Jonathan Croft, county agent in Orangeburg County, reported that the rain has really dampened field activity. So even if you have problems with insects, you can’t do anything about it unless you have a friend who’s an aerial applicator.
And most aerial applicators have full plates right now and you have to book them sometime in the future. They can’t cover all the need right now.
Charles Davis, county agent in Calhoun County, reported that “aphids are still hanging on [in cotton] with no sign of fungus yet that I can see. They are all wearing life vests, though.”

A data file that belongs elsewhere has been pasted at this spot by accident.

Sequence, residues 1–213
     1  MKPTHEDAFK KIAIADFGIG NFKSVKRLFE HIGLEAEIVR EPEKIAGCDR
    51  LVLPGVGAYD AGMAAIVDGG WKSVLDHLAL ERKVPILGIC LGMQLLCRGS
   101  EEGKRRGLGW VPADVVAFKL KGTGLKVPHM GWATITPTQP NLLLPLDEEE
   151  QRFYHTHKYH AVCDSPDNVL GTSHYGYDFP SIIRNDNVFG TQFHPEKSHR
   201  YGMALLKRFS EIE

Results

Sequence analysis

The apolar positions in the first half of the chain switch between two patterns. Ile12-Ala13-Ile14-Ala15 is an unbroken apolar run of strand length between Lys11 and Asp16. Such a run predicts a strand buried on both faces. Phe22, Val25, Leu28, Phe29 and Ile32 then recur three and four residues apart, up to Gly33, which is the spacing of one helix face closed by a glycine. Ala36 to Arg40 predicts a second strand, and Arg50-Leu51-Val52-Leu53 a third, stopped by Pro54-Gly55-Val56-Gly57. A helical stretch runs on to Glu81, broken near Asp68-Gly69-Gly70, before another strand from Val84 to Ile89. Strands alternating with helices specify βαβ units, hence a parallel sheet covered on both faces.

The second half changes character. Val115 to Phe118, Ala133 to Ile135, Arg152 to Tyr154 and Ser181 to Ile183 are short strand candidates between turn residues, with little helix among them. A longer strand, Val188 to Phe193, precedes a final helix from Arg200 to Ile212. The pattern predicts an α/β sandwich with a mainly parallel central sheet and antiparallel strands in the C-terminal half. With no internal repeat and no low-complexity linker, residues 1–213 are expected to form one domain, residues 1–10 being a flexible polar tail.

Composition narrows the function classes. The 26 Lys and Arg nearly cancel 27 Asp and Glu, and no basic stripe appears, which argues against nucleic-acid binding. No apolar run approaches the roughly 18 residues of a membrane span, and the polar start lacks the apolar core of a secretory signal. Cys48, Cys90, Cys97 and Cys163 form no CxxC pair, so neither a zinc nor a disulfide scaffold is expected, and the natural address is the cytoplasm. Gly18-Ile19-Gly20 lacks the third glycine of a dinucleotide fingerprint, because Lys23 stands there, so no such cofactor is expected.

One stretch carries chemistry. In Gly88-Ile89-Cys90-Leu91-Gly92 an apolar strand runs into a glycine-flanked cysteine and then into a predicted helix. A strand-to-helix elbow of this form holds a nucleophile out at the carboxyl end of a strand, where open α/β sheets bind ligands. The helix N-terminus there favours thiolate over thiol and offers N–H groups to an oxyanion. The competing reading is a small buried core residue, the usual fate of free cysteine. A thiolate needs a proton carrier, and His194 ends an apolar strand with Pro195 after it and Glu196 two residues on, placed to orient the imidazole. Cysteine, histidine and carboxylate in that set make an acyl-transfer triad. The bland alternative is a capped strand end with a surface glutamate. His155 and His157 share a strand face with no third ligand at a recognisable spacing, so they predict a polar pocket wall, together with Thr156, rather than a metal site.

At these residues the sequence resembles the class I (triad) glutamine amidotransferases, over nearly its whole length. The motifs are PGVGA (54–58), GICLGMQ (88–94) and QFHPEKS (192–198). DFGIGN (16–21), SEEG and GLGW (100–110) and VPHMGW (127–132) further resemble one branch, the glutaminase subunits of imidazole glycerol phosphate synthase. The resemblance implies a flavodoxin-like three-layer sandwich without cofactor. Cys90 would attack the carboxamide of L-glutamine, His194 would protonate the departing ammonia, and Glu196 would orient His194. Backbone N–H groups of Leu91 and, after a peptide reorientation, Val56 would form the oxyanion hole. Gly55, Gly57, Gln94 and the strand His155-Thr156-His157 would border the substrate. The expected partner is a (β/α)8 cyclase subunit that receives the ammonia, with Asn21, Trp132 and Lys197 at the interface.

Chris Talley, county agent in Anderson County, reported that he has been seeing kudzu bugs on beans for some time and is “just now really starting to see some immatures on some of the earlier planted beans.”
The moth trap numbers for this season are looking like what we experienced in 2010, when we had tremendous pressure from bollworms, so this season might shape up to look like that record year for bollworm pressure. The next peak in numbers should tell us.
If traps counts get to 800 moths per week near the end of this month, we will know. I am betting that we will have significant pressure from bollworm in both cotton and soybeans and that tobacco budworms will be important in soybean acres this season.